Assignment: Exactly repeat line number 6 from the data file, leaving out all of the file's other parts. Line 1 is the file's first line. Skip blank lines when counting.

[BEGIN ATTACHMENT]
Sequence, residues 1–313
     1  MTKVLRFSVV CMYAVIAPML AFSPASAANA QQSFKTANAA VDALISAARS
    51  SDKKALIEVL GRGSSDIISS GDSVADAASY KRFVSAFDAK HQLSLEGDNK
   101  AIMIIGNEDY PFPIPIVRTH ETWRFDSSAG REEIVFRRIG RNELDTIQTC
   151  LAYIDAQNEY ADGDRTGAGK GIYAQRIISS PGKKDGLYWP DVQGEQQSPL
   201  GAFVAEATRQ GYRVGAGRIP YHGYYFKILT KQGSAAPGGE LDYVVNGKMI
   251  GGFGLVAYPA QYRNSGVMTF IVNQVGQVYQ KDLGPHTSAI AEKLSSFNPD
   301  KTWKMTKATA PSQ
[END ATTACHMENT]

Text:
   201  GAFVAEATRQ GYRVGAGRIP YHGYYFKILT KQGSAAPGGE LDYVVNGKMI